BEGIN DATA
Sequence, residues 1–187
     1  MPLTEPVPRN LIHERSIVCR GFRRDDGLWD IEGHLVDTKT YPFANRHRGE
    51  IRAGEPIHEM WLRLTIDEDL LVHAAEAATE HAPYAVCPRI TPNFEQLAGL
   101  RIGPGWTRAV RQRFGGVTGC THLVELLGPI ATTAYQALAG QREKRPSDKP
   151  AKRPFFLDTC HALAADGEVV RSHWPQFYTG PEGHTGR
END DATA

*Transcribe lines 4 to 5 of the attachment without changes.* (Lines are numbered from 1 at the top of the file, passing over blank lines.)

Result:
   101  RIGPGWTRAV RQRFGGVTGC THLVELLGPI ATTAYQALAG QREKRPSDKP
   151  AKRPFFLDTC HALAADGEVV RSHWPQFYTG PEGHTGR